Written by Hannah Dykstra

A key element of the CrossFit definition is “functional fitness,’’ but what does the word “functional” pertain to? A body that moves strong though end ranges of motion is a truly functional mobile body. Mobility is often misconstrued as grabbing a foam roller or death smashing your glutes with a lacrosse ball, but it is so much more than that.


The term mobility is confused with the term flexibility, when in reality greater flexibility is simply a beneficial component of mobility. Mobility refers to the ability of a joint to pass through an end range of motion under whole body tension. The more tension you create in the body, the more connection you develop from your brain to stimulate strength within the joint position.


I personally believe in the power of the “smash and floss,’’ but why do you have to torture yourself so much on something so simple as a lacrosse ball? The good news is you don’t have to! If you develop strength through the end range of motion, your brain will recognize this strength and the musculature around that specific joint will adjust and “relax.”


So what is tension and why do I have to be “intentional?”


Tension through the body consists of stacked joints, braced core, rib cage down and pelvis neutral. Once you find this position, you must be able to breathe. If you cannot breathe, you cannot sustain that position and if you cannot sustain that position, then you do not own that position. If you don’t own that position, chances are you are not moving properly, leading next to possible injury.


Most people find this hard to achieve and unfortunately we live in a culture where we skip the hard stuff to save time, we all fall victim to that. This is where the emphasis on intentional mobility comes in. To be intentional is to be deliberate and have a purpose. Always have a purpose, especially when it comes to the health of your joints! After all, they are the only reason you can crush WODs and pick up your kids.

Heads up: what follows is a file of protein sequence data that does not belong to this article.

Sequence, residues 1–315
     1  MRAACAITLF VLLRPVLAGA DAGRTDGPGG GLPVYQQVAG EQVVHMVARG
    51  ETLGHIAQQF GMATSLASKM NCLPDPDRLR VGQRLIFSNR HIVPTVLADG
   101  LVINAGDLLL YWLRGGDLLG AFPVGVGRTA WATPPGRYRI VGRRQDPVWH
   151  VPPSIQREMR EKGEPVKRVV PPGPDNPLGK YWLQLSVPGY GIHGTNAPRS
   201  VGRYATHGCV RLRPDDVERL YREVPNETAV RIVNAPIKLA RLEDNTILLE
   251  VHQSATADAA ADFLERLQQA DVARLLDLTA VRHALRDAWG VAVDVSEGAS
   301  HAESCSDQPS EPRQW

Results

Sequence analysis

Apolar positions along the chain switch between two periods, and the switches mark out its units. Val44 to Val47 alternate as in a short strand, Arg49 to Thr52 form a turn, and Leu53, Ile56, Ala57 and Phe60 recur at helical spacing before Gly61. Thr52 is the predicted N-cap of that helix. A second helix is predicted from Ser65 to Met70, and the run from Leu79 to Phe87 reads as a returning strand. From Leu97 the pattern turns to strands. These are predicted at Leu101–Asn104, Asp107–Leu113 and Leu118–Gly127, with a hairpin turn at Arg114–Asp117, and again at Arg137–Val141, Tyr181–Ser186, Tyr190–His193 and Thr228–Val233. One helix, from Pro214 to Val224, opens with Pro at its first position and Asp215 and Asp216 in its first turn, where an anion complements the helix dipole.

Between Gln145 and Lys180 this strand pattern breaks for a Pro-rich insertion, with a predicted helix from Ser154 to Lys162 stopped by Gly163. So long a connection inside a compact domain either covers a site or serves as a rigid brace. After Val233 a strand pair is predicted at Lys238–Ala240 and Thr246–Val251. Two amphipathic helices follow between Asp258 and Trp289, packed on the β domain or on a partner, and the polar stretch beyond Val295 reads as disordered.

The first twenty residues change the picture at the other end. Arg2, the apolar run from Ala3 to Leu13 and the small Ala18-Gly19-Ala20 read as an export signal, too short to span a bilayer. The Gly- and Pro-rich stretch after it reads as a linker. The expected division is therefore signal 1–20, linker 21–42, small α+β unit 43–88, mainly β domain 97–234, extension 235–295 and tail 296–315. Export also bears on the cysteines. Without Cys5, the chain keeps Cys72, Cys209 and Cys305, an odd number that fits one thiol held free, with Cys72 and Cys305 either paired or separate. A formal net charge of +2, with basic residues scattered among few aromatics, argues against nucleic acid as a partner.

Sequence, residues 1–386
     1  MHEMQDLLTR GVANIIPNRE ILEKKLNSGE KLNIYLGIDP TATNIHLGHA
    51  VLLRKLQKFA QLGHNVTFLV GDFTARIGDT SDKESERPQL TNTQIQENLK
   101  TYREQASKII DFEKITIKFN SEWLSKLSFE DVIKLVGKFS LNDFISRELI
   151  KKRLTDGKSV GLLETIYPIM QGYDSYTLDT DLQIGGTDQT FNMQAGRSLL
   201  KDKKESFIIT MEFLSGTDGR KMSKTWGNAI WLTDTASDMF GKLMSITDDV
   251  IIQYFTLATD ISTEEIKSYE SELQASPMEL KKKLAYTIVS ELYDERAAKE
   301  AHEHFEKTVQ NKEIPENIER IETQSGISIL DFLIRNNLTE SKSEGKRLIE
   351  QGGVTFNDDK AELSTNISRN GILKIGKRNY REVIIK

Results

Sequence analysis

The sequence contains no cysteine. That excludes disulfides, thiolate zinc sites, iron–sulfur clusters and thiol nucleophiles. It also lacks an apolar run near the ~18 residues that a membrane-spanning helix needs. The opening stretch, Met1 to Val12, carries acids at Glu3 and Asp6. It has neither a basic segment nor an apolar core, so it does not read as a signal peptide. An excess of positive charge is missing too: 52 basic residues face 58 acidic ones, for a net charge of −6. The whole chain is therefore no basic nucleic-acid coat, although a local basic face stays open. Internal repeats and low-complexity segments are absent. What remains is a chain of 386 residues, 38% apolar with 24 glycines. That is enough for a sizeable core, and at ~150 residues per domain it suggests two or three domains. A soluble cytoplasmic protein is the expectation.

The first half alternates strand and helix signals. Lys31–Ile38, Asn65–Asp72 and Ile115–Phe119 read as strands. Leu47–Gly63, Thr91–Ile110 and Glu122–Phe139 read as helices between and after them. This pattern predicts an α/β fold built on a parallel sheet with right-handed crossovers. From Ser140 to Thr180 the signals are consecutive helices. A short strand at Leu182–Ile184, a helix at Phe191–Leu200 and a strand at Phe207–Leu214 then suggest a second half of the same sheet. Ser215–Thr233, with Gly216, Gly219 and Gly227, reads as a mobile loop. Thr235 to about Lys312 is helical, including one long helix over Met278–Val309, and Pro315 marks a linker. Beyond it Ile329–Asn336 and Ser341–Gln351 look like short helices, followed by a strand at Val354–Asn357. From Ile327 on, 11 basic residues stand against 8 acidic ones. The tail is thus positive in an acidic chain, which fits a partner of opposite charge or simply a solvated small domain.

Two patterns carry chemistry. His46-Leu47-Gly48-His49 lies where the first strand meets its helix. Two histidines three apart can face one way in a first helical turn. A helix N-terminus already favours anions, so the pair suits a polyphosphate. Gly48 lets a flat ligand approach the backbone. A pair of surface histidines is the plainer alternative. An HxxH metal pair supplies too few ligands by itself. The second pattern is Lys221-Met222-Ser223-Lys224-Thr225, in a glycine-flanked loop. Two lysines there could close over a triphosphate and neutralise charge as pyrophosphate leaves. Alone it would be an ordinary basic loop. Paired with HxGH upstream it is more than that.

What does intentional mobility look like?


1. ALONE TIME – Find a place where you can be alone with your joints and focus all your energy into those joints.


2. QUIET TIME – Cut out all external noise, especially the to do list that is running through your brain!


3. SLOW DOWN – Move steady and move slow, the slower you go through these positions the more time you give your brain to recognize the safety factor and develop strength. Not only
will you move better, but chances are you will discover a fault in your own movement on
your own.


4. BREATHE – Your breath is hands down the most important factor of movement and health.
We literally need oxygen – if you cannot provide oxygen through safe movement, you are not
moving safely!


5. FOCUS ON OTHER JOINTS – Your body is one entity made up by structures that all move in
unison. Focus on how a joint affects the rest of your body, for example, if you are mobilizing
your left hip, put some intention into what your opposite shoulder is doing.


6. LEARN – Our bodies are so much smarter than we give them credit for, use this opportunity
to learn what your body is trying to teach you.


I have said it before and I will always stand by this statement, become a student of your own body. You will be both humbled and healthy.